When it comes to potential disasters in life, many of us would rather not think about it. However, you never know if you’ll end up in one of these situations, so it’s important to be prepared. Rather than burying our heads in the ground, let’s explore the ways in which we can come out of these situations alive and well:
1. You Can Control Your Reaction
Many think that in situations such as plane crashes or car accidents, they just have to let go and let fate take them. Actually, this is hardly the case. Studies have shown that those who prepare for disaster beforehand in their minds do remarkably well when catastrophe strikes. Here’s why: in an uncontrollable situation, your mind goes into something called ‘tunnel vision.’ Your brain is focused on one thing and one thing only: getting you out. However, how you escape can be hampered by this same tunnel vision.
If you’re on an airplane and have no idea where the closest exit is, your tunnel vision could be your worst enemy, in some cases causing people to shut down completely. If, however, your brain has planned in advance for a disaster type situation, your brain already knows exactly what it needs to do. This is why military and police often survive tragedies, because they have trained their mind into taking action during unforeseen circumstances. You don’t need years of training, though: simply make a plan beforehand and your brain will likely do the rest.
2. Always Know Your Surroundings
In airplane disasters, one flight attendant we spoke with relayed the importance of physically counting the seats to the exit row nearest you. It’s an easy and subtle way to prepare yourself, by touching the seatbacks from the nearest exit to your row. If something happens, you know physically know exactly where to go.
If you have a plan before things go down, whether you are staying in a hotel that catches fire or you find yourself wandering too far off the trail while hiking, you are less likely to go into panic mode and far more likely to do what needs to be done to ensure your survival.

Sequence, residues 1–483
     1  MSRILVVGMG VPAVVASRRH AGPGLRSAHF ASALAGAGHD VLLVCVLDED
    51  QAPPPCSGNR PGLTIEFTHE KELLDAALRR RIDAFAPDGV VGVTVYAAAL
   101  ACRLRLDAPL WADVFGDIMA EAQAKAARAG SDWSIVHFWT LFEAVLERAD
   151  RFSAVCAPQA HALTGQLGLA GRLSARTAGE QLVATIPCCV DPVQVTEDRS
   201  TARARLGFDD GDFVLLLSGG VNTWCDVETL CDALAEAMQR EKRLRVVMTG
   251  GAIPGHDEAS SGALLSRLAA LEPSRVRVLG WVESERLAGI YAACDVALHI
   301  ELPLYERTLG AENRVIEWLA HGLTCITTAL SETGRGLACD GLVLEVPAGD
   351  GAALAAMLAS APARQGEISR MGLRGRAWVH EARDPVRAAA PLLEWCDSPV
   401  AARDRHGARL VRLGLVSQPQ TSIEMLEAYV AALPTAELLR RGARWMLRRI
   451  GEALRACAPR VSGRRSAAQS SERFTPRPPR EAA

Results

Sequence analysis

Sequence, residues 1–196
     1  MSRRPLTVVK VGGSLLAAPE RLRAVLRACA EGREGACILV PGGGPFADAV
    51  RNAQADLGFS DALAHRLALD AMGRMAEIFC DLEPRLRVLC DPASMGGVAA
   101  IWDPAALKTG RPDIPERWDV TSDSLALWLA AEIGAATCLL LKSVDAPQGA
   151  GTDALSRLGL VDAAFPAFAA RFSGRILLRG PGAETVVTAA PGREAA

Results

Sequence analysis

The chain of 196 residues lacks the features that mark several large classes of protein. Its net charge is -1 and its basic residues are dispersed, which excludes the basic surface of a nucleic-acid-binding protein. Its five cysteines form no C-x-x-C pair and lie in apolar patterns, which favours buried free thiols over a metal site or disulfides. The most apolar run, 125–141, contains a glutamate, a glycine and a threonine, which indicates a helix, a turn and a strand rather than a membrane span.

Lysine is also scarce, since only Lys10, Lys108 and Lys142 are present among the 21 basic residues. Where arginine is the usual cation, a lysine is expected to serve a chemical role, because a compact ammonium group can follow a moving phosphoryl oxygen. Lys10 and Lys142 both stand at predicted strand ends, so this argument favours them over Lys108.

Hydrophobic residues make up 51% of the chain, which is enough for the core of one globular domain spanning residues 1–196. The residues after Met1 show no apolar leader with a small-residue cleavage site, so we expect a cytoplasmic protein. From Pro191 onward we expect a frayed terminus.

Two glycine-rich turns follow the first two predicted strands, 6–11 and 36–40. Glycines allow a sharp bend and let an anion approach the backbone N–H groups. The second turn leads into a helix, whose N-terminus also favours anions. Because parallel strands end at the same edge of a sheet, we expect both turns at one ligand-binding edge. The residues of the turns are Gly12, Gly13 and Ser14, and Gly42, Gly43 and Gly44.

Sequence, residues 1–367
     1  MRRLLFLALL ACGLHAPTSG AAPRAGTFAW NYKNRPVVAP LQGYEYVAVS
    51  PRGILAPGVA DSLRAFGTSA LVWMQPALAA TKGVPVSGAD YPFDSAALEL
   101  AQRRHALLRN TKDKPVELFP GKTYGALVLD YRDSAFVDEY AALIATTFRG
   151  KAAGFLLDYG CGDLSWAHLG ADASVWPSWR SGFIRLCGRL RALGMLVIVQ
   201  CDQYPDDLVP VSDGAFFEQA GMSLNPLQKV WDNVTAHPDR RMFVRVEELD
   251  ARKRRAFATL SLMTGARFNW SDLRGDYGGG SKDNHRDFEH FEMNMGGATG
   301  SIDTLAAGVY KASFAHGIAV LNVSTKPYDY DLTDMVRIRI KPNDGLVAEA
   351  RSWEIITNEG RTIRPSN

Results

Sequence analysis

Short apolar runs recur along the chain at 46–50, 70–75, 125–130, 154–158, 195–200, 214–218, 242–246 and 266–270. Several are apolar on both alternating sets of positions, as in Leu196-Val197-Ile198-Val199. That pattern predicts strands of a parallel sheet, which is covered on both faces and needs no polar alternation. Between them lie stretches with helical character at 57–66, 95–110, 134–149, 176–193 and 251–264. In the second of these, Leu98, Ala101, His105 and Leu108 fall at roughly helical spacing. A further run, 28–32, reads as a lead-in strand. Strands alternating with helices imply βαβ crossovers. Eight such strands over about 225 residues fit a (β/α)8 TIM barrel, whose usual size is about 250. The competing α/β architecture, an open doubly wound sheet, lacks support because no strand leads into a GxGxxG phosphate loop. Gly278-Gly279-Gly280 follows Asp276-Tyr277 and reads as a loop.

3. Passivity Can Kill You
One of the main killers during disaster is simply behaving as if nothing has gone wrong. It sounds incredible, but it’s actually a fairly common response. People remain in their seats, people wait for orders and people assume others will be the ones to act. You are in charge of keeping yourself well, nobody else. Take that seriously and exert yourself when necessary.
4. Repetition Exists for a Reason
Ah those stupid flight attendants who constantly tell you how to buckle your seat belt! Who even needs that, amirite? Yet the truth is, in disasters, the tunnel vision can keep your brain from comprehending basic tasks.
During a number of survivable aircraft accidents, people have been found dead in their seats, hands clasped to the left of their chair. Why the left? Because motor vehicle seatbelts buckle on the left. Airplane seat belts buckle in the middle. With tunnel vision, these people’s minds went to what they know best: being in a car. That announcement, while seemingly pointless, is there for a reason. The drills are there for a reason, and if you assume you’re above them, you’re probably not.
5. Your Anxiety Won’t Get Worse
Many people avoid thinking about disaster scenarios because they assume that too much dwelling on the subject will cause anxiety. While it’s true that thinking randomly about your airplane going down or your boat sinking will cause a knot in your stomach, figuring out how you can pragmatically deal with those situations has actually been shown to decrease anxiety. Learn what you need to know then trust yourself to carry it out.
6. Gender Roles Don’t Matter